A religious traditionalist, he advocates for his charges the most harsh, plain, and disciplined possible lifestyle, but not, hypocritically, for himself and his own family. Later, she marries Robert Leaven and gives him three children.
Jane is then publicly cleared of Mr. He asks her not to tell anyone about this incident and blames the arson on Grace Poole. But Jane wonders if this is true. Rochester attributes the incident to Grace Poole, one of his servants. He is a dark-haired, moody man in his late thirties.
From Miss Temple, Jane learns proper ladylike behavior and compassion; from Helen she gains a more spiritual focus. His mind is already dark, and doesn't need the "deeper shade of the supernatural.
Rochester cannot marry because he is already married to Mr. After Richard Mason puts an end to Jane and Mr. Jane carries a tray to him and reveals her identity. John Eyre, in which he asks for her to live with him and be his heir. Lloyd to whom Jane reveals how unhappy she is living at Gateshead Hall.
Following this incident, Rochester leaves suddenly for a house party at a local estate.
Jane briefly returns to Gateshead to visit the dying Mrs. Once they were united, he discovered that she was rapidly descending into congenital madness, and so he eventually locked her away in Thornfield, hiring Grace Poole as a nurse to look after her.
Rochester is already married. Rochester is already married to a woman named Bertha Antoinetta Mason. Despite the difficult conditions at Lowood, Jane prefers school to life with the Reeds. Rochester tries to convince Jane to become his mistress and move with him to a pleasure villa in the south of France.
A compassionate apothecary who recommends that Jane be sent to school. When Jane asks how he received this news, he shocks her further by declaring that her uncle was also his uncle: Brocklehurst that Jane has a "tendency for deceit", which he interprets as her being a "liar".
In order of first line of dialogue: She eventually becomes engaged to the respected and wealthy Mr. Rochester rushes the wedding party back to Thornfield, where they find his insane and repulsive wife locked in a room on the third story. She is blamed for the conflagration and sent to the red-room, the place where her kind Uncle Reed died.
Reed and learns that she has an uncle, John Eyre, who is looking for her. But because Grace Poole continues to work at Thornfield, Jane concludes that she has not been told the entire story.
Chapter 12 Edward Fairfax Rochester: John becomes somewhat closer to Jane. Rochester, she is intrigued by his quirky personality and blunt way of speaking. A Byronic herohe has a face "dark, strong, and stern.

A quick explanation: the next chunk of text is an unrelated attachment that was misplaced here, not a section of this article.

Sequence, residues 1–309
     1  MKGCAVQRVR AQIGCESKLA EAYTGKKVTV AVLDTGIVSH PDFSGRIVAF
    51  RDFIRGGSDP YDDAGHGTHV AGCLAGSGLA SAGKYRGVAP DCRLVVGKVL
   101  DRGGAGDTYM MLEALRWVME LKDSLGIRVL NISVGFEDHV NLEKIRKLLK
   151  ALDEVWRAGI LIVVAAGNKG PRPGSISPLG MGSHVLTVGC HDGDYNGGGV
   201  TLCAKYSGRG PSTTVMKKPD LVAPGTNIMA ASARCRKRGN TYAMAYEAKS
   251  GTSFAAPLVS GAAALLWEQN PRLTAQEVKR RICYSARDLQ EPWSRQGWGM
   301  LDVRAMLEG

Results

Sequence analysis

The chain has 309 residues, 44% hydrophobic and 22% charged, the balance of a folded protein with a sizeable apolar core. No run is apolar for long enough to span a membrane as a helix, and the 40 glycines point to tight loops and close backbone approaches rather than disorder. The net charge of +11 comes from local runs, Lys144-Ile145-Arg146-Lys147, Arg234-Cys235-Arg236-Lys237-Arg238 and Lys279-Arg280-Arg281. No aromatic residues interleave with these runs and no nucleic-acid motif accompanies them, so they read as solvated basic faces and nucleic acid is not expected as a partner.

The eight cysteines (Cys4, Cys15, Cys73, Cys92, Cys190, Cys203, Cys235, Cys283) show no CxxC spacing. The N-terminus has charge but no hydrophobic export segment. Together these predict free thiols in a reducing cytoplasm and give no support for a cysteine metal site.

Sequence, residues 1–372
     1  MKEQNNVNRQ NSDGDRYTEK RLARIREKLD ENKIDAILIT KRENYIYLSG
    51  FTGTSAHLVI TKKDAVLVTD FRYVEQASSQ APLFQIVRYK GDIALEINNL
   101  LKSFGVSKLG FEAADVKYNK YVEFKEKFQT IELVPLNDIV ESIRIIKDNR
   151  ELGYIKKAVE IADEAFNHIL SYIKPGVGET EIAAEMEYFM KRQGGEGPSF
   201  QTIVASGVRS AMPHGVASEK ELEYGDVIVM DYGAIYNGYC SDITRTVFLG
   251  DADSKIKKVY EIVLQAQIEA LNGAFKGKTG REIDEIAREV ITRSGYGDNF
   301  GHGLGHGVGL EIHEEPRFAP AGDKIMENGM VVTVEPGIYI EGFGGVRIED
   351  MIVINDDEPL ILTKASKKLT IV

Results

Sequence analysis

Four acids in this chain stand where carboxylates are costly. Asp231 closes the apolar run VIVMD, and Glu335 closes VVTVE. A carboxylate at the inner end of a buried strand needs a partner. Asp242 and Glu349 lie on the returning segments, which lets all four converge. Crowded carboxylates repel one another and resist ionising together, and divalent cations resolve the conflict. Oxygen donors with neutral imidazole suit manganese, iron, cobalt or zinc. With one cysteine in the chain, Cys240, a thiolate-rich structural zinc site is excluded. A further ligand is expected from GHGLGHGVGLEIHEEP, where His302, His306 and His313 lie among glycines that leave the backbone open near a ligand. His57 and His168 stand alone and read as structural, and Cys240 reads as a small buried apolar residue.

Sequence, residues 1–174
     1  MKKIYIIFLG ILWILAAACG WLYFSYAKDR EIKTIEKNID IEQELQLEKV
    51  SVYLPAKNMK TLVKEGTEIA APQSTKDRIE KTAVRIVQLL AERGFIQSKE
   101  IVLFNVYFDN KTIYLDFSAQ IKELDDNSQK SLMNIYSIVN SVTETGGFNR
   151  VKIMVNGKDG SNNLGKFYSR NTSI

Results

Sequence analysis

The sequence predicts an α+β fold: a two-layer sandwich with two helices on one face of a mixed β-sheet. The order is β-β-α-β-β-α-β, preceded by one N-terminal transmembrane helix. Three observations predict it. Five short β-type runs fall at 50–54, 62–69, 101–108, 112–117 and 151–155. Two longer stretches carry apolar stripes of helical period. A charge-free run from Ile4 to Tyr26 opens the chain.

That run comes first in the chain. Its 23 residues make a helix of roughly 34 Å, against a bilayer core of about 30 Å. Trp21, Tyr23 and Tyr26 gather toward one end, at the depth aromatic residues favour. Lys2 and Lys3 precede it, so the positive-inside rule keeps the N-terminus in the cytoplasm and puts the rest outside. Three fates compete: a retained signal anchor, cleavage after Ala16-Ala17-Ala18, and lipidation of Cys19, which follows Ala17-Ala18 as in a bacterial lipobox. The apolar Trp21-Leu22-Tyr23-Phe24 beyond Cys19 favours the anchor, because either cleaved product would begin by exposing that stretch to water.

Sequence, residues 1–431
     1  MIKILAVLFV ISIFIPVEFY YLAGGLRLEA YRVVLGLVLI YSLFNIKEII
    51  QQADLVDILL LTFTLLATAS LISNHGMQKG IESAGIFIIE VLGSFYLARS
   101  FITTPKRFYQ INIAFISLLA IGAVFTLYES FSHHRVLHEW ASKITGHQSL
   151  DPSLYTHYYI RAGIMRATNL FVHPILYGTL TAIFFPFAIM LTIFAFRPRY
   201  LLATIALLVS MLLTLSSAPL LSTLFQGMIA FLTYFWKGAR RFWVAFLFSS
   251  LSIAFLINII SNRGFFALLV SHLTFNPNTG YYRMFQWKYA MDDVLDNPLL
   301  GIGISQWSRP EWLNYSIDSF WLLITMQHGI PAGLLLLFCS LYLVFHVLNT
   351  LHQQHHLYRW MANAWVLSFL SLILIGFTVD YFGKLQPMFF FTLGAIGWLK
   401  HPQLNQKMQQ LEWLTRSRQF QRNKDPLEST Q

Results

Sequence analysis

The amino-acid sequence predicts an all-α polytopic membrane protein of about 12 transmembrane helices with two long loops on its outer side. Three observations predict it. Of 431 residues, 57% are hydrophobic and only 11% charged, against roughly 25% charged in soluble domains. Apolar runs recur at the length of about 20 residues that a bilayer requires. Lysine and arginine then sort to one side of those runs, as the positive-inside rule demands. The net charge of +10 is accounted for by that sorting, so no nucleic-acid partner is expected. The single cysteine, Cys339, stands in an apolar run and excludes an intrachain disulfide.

Brocklehurst is based on Rev. John begins to weaken, she mystically hears Mr. Rochester rushes the wedding party back to Thornfield, where they find his insane and repulsive wife locked in a room on the third story.
Her female cousins, Georgiana and Eliza, tolerate, but don't love her. Jane then returns to Thornfield to find only blackened ruins. The clergyman, director, and treasurer of Lowood School, whose maltreatment of the students is eventually exposed. In fact, he even correctly intuits that her response came from some mountainous place.Jane Eyre is the story of a young, orphaned girl (shockingly, she’s named Jane Eyre) who lives with her aunt and cousins, the Reeds, at Gateshead Hall.
Like all nineteenth-century orphans, her situation pretty much sucks. Mrs. Reed hates Jane and allows her son John to torment the girl.
A young girl named Jane Eyre sits in the drawing room reading Bewick’s History of British Birds. Jane’s aunt, Mrs. Reed, has forbidden her niece to play with her cousins Eliza, Georgiana, and the bullying John.
Jane Eyre / ɛər / (originally published as Jane Eyre: An Autobiography) is a novel by English writer Charlotte Brontë, published under the pen name "Currer Bell", on 16 Octoberby Smith, Elder & Co.
of London, England. The first American edition was published the following year by. The woods surrounding the building are thick, dark and gloomy, as if lost in a fairy-tale realm; Jane can barely find an opening through the dense trees to the house.
Here, Jane and Rochester create the "private island" he longed for earlier in the novel. From a general summary to chapter summaries to explanations of famous quotes, the SparkNotes Jane Eyre Study Guide has everything you need to ace quizzes, tests, and essays. On a more specific level, each of Jane’s settings provides a pair of indoor and outdoor spaces for her to range in: Gateshead and the walk outside, Lowood and the woods/marshes, Thornfield and its garden and woods, and the moors that stretch between Thornfield and Morton.Download